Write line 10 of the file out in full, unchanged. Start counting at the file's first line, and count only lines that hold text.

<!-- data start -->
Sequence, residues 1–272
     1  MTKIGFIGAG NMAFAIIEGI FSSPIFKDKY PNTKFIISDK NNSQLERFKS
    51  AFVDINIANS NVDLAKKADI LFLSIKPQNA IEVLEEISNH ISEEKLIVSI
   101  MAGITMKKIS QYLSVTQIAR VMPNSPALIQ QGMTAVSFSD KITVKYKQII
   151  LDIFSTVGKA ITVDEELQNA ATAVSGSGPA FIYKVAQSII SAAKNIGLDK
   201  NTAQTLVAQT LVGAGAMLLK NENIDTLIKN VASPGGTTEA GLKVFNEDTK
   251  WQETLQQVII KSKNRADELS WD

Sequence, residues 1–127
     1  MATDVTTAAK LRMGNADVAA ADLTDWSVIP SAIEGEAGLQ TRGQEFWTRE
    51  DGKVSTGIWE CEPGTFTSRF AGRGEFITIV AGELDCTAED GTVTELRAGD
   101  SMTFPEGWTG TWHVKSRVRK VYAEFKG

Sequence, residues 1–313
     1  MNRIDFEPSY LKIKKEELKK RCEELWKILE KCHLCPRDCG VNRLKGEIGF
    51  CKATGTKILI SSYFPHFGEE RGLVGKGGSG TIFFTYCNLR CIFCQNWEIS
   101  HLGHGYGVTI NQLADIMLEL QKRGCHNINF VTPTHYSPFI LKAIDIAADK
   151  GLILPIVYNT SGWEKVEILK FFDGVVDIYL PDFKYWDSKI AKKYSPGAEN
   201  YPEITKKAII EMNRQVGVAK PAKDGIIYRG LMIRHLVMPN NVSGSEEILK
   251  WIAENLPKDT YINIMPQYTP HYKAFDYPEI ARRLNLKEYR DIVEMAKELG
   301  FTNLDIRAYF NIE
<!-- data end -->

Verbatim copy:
    51  DGKVSTGIWE CEPGTFTSRF AGRGEFITIV AGELDCTAED GTVTELRAGD